Gaiety Redeemed

Richard P. Wilbur
Richard P. Wilbur; drawing by David Levine

Sometime in the early Fifties, Richard Wilbur apparently cut an advanta-geous deal with whatever committee of muses or daemons or egos and ids lies in charge of his poetic inspiration. Freshly thirty at the start of the decade—he was born in 1921—he already had two books behind him, which had drawn the sort of acclaim, including a warm nod from T.S. Eliot, that most young poets only dream of.

Those two attractive books, The Beautiful Changes (1947) and Ceremony (1950), pulsed with a young man’s self-aware, athletic delight in technical prowess. He performed ina variety of forms, both traditional and of the moment, and—sometimes abruptly within the same poem—ran through a range of tones, from the opaque to the pellucid. His various influences (Marianne Moore, Stevens, the metaphysical poets) were worn openly, with a sense of proud affiliation. Had Mr. Wilbur departed the world at this point—had he met up with a Mack truck—it would have been difficult to say just where his reputation might have headed.

In 1956 he published his third book, Things of This World (still for me his finest achievement), in which he established an outlook and a sonority that would henceforth identify his work: poems that were clearer, sparer, better proportioned, more stately and measured and solidly constructed than their predecessors. If a perceptive reader, unacquainted with Wilbur’s verse, were handed his collected works in a jumbled pile and asked to sort them chronologically, it would be relatively easy to guess which poems belonged to the Forties and to the first two books—but quite difficult, I think, to determine whether later poems originated in the Fifties, Sixties, Seventies, Eighties, or Nineties.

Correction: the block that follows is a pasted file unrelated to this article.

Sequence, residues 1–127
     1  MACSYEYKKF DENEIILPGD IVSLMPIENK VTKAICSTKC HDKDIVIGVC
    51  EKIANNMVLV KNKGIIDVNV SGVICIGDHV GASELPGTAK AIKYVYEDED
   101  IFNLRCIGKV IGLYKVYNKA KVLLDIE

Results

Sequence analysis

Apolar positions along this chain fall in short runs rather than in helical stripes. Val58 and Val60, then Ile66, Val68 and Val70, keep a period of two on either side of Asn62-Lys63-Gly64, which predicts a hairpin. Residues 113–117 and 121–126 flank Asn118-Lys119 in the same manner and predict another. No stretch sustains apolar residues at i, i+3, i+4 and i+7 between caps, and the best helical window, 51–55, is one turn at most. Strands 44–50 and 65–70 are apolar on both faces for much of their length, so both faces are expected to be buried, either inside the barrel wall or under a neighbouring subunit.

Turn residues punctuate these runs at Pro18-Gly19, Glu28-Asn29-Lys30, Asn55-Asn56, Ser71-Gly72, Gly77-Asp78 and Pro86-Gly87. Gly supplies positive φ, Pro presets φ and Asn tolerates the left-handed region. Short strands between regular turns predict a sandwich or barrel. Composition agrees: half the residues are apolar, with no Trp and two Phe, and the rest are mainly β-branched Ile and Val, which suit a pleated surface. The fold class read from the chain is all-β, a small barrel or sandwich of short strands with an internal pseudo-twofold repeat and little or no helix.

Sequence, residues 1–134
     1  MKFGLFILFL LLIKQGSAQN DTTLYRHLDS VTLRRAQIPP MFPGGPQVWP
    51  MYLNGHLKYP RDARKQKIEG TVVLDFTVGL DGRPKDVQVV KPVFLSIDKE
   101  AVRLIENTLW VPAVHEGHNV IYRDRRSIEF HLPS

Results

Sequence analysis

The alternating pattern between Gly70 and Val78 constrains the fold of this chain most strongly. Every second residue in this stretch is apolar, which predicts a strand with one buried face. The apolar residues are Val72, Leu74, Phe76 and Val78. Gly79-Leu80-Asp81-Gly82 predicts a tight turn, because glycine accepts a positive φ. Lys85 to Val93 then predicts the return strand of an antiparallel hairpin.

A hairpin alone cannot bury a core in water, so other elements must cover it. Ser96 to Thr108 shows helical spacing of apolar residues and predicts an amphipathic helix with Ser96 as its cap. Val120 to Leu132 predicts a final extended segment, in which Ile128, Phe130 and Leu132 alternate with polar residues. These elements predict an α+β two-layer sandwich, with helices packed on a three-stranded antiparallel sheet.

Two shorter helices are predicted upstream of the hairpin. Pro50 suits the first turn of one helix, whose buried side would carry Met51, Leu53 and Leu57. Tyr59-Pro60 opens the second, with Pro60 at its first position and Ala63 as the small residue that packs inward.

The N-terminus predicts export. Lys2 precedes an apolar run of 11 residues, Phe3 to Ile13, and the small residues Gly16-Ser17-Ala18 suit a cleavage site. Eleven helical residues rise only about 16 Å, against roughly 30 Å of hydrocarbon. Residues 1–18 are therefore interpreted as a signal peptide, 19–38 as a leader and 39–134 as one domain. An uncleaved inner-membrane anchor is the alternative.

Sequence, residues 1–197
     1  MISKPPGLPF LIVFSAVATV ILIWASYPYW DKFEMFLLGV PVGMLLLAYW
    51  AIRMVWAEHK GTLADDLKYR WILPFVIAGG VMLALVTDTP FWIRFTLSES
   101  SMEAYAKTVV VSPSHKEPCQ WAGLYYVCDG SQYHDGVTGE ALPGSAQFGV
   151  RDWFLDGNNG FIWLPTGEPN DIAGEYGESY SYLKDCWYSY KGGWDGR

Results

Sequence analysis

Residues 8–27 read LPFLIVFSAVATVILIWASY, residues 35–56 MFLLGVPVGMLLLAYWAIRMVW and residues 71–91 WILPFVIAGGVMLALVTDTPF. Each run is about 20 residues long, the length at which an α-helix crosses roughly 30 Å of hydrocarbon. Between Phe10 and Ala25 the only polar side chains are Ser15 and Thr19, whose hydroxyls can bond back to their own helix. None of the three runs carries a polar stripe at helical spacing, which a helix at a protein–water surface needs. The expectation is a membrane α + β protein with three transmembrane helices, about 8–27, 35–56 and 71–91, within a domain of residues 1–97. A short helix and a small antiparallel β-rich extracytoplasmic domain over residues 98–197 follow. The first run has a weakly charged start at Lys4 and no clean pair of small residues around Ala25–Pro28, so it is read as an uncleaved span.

Internally, a bargain had been struck, and as is dependably the case when an artist fixes on a style, various potentialities were lost as well as gained when Wilbur found his lifelong voice. An exuberant, antic quality—complete with typographical flourishes—largely disappeared. No longer were readers likely to encounter, as they do in The Beautiful Changes, a stanza composed all in capital letters; exclamation points leaping up like jack-in-the-boxes in unexpected places; a poem whose first word was not capitalized; compound coinages (“fineshelled,” “streambottom,” “lightshifting”); and so forth. As the voice settled in, or settled down, a particular form of unpredictability—the urbane bounciness of the man wearing a tuxedo and high-top tennis shoes—receded.

What was gained was a voice in which mastery of form took on a look of effortlessness. Wilbur has always had a marvelous touch with animals and plants, with weather and terrain, but increasingly the voice in Things of This World brought to his flora and fauna, his skies and landscapes, the art that hides art; he not only became a splendid nature poet, but made it look easy, as in “Exeunt,” reprinted here in its entirety:

Piecemeal the summer dies;
At the field’s edge a daisy lives alone;

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